Few know about the story of these heroes who work tirelessly to save human lives.
KEM director Oğuz Aydın worked as head of the narcotics division for many years. He is such an expert that he can tell what kind of narcotics are inside a package seized by the police just by looking at the contents from a distance. The walls of his office are filled with awards for his achievements in international narcotics operations. These awards include tokens of appreciation from a long range of countries, from the United States to Balkan nations.
He is known for his modest personality, as well as for his strong character and perseverance. When he switched to working with police dogs, he was able to master the job in eight months. He shares the secret of his success: “I am working with people so talented that they would probably rank among the top dog trainers in the whole world. First, I listened to them for a long time. Later, I went into the field. Once you get into a dog’s head, you get to know them.”
Aydın and his colleagues work together as if they are a family. Everyone in the KEM division is a fan of his job. They even do the cleaning of the kennels together. “We don’t keep people who don’t like their jobs here,” said Aydın, who has also involved his family in his job and assigned one dog to his son, contributing to his son’s appreciation and love of animals.
“During the Van earthquake there was a rescue team working around a collapsed building. A small girl was trapped under the rubble. She heard the paws of the dog, she later said, but couldn’t shout. The dog found her scent and was the reason for her rescue. This little child had never approached a dog before because of her religious views, but she put her arms around the dog and kissed him. Now she sometimes comes to Ankara to visit the dog.”
The most unpopular figure at KEM is Mehmet Akif Yılmaz -- a butcher, in the opinion of most of the dogs. He can never don white scrubs like other veterinary doctors, though, because there is always the risk that a dog will stop sniffing and try to run if a smuggler is wearing white clothes. “The biggest dream of all the dogs here,” Yılmaz says, “is to catch me napping. They think I am always doing ‘bad’ things to them.” Of course, most of the more painful operations are carried out under anesthesia, but Yılmaz complains he’ll never become a beloved member of the team for many of the dogs. Most of the dogs are taken to the clinic at KEM for psychological or orthopedic reasons. Just like school kids, they want to skip classes and sometimes develop a school phobia. Two dogs in the clinic during our visit were actually “faking” illness to ditch their classes that day. However, Yılmaz, who knows the dogs really well, shouted at one of them, who pretended not to be able to walk: “You faker! Get up and go to class!” The previously immobile dog ran off to his training session.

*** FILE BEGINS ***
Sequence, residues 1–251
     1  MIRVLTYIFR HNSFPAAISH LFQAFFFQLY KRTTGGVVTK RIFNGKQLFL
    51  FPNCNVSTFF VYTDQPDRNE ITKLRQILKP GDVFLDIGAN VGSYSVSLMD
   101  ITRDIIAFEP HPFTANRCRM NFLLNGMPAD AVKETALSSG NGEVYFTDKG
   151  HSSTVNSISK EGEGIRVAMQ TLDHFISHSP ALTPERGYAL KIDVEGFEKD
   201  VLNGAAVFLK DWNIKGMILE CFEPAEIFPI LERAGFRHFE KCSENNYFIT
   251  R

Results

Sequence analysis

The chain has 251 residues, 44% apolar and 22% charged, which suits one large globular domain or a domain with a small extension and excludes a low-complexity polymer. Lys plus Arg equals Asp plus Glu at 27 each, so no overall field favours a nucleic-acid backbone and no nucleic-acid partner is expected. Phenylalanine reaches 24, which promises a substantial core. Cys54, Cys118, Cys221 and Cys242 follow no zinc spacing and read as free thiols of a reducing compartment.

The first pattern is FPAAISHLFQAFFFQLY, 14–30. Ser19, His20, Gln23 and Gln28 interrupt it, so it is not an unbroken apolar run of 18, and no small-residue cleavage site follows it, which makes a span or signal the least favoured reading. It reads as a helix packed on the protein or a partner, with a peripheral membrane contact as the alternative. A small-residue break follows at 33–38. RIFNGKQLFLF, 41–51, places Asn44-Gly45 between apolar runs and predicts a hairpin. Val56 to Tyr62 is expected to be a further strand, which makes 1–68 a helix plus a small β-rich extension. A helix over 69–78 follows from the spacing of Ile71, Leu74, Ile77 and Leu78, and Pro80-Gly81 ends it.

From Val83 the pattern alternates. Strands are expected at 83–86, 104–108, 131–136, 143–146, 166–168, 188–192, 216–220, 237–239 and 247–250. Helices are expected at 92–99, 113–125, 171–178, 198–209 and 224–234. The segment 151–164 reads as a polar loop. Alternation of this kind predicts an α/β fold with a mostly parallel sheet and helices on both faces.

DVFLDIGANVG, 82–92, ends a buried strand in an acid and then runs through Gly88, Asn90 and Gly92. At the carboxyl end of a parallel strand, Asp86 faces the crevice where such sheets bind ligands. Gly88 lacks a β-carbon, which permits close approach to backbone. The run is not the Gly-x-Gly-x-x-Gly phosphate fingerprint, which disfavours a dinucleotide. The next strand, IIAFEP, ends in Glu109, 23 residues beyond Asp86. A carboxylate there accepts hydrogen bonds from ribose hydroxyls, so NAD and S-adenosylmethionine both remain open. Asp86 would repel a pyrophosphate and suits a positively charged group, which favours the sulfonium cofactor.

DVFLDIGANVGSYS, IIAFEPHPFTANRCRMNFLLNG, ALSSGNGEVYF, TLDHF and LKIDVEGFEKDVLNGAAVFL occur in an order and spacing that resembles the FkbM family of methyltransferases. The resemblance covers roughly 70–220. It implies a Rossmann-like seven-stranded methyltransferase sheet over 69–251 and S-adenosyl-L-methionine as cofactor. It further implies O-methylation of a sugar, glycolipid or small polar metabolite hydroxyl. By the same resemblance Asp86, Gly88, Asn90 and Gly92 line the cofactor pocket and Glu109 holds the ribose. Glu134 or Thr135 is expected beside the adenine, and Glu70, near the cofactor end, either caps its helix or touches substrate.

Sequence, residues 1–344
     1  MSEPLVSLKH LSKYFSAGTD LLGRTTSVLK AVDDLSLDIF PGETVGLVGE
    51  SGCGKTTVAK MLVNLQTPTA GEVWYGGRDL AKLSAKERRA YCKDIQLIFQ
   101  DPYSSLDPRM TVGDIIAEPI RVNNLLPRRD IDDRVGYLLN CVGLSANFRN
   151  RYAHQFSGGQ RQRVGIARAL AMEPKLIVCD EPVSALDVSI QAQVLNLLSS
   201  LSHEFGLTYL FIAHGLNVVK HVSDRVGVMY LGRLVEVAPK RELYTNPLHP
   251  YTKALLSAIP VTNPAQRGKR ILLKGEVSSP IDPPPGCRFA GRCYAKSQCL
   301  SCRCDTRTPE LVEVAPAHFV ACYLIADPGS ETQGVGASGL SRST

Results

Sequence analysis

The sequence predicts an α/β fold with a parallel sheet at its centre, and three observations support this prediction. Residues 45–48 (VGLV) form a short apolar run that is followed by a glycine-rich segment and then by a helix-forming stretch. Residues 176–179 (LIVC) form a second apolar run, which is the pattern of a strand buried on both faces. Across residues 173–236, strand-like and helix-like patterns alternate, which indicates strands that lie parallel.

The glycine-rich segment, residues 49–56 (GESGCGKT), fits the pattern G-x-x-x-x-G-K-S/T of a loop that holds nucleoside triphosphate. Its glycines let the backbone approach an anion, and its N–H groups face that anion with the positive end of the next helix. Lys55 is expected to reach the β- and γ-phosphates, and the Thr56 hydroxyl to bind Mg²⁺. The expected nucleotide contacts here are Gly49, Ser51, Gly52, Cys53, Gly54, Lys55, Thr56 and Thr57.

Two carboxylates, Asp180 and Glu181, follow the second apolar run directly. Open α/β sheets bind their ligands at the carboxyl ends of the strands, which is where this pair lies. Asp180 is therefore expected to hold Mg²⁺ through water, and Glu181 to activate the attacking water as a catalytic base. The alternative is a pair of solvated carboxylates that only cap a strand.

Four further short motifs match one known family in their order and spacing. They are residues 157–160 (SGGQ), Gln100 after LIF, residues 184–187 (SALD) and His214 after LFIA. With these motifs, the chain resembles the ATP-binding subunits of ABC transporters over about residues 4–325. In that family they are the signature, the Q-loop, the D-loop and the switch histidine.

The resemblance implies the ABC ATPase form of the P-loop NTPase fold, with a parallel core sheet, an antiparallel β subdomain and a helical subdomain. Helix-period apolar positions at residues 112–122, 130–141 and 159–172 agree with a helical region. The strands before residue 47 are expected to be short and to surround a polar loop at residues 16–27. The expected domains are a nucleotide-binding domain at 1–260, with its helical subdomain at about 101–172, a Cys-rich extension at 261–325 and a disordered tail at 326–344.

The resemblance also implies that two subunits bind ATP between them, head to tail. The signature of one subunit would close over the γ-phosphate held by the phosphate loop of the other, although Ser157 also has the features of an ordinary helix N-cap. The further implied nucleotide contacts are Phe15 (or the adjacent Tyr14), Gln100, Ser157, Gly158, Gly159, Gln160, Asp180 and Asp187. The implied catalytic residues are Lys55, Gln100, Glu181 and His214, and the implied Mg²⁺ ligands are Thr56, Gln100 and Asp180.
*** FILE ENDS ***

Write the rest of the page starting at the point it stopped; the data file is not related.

The majority of the dogs the Turkish public sees in the press have been trained by expert trainer Tamer Şahiner. KEM, since the day of its establishment, has seen seven directors, but Şahiner has always been there. He doesn’t remember the number of dogs he has trained. He says that when he watches a success story about one of his dogs on television he gets tears in his eyes. “I am so proud of them. It is almost like a primary school teacher seeing one of their students from grade school graduate from university and find a job.” Şahiner says his work is reflected in every aspect of his life, including his family. “My son tells my wife, ‘Mom, daddy talks to me like he talks to the doggies’.”